The Biennial Form and the Narration of History: Thinking through “The Ghost Ship and the Sea Change"
Journal article, Peer reviewed
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Original versionParse. Spring 2021, 13.1.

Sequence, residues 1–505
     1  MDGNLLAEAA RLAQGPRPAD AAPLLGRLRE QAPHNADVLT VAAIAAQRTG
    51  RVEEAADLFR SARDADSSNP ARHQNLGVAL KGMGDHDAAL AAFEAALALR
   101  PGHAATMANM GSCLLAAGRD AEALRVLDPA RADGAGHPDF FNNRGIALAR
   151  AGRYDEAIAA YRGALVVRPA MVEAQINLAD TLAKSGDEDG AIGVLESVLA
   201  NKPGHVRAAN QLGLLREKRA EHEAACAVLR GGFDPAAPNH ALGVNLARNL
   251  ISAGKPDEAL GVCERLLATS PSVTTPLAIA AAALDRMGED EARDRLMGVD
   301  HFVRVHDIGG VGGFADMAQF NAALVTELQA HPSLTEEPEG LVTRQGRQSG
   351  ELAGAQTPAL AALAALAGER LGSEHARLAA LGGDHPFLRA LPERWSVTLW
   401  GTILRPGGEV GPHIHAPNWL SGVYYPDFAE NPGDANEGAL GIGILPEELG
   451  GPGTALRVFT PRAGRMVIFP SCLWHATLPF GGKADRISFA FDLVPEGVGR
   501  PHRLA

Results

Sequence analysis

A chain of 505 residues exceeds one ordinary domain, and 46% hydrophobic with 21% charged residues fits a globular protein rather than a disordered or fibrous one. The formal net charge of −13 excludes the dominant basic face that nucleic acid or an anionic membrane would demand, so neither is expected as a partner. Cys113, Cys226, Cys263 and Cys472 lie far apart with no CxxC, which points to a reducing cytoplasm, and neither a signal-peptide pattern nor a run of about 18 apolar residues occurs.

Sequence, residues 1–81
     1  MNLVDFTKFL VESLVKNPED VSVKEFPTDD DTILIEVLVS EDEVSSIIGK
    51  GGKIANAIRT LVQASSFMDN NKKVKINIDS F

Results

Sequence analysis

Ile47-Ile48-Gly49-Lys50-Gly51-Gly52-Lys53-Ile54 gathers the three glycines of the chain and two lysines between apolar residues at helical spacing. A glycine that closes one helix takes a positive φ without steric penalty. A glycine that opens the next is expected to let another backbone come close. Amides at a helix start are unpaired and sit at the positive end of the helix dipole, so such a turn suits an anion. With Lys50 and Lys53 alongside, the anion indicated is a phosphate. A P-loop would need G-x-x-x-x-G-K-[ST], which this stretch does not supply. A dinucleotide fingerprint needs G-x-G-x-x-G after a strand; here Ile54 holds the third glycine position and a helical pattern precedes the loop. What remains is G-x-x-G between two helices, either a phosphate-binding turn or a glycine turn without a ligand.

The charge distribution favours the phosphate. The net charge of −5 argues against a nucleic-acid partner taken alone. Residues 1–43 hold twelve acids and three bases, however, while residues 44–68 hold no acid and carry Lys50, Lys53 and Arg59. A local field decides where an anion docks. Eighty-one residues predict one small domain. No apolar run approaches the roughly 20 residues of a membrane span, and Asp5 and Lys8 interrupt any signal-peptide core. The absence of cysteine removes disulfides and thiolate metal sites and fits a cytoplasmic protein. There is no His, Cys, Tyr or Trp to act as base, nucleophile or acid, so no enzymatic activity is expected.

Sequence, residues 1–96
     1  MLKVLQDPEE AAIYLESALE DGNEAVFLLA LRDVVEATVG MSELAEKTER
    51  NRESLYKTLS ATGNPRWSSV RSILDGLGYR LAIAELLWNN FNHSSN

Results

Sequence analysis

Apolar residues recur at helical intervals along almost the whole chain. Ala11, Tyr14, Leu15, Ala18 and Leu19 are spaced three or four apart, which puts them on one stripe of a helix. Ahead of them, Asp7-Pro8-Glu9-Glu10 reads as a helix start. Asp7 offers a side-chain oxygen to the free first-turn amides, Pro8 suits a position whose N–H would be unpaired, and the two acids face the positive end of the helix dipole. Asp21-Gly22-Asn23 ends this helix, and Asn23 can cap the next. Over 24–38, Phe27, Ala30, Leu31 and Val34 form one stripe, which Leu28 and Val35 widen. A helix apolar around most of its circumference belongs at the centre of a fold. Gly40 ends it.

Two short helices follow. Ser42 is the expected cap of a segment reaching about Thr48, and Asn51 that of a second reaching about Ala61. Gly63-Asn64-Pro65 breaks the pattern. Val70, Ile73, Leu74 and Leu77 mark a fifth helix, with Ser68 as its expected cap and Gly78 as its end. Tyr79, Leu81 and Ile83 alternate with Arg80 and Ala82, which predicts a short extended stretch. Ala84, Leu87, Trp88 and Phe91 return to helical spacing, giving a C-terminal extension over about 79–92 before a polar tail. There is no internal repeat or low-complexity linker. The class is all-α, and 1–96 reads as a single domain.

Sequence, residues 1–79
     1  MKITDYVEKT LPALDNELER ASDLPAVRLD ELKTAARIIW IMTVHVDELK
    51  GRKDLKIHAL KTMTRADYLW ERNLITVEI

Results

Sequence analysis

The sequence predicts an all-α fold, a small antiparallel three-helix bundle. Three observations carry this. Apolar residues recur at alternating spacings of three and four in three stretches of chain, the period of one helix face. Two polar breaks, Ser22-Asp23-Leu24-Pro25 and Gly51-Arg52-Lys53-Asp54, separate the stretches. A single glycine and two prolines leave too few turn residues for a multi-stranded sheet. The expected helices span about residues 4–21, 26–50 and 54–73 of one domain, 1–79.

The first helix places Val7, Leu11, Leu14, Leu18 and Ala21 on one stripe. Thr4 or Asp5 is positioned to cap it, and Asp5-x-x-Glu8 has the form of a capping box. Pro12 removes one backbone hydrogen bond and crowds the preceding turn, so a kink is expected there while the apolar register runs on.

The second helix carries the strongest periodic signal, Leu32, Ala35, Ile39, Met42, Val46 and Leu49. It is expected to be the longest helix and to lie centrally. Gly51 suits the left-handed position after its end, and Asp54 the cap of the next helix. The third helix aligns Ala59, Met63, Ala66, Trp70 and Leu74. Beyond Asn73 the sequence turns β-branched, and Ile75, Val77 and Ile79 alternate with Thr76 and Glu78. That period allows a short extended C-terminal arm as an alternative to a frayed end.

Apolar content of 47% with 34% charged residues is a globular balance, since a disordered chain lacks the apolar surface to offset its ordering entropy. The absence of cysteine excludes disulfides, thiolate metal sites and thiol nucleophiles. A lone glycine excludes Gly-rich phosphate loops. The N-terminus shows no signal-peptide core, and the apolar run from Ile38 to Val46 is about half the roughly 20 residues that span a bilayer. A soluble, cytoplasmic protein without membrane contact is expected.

Exhibitions are powerful tools for the staging of historical narratives. Since the 1960s, historiography through exhibition-making has undergone a re-conception through artistic and curatorial practice. Contemporary art biennials and other large-scale periodic exhibitions have provided important platforms for artists and curators to experiment with historical narration in ways distinctly different from historical museums, often placing an emphasis on context-specificity and the relationship between suppressed histories of the past and the political present. This article explores the potential of the biennial as a site of historical narration, using the curatorial process behind the 2021 edition of Göteborg International Biennial of Contemporary Art, The Ghost Ship and the Sea Change, as a case study. Proposing that the biennial form be used as a situated and poly-vocal countermodel to the master narrative of the historical museum, it argues for artistic and curatorial practices to be seen as continuations of ways of telling about the world preceding the modern discipline of History and the imperial boundaries between past and present, and fact and fiction.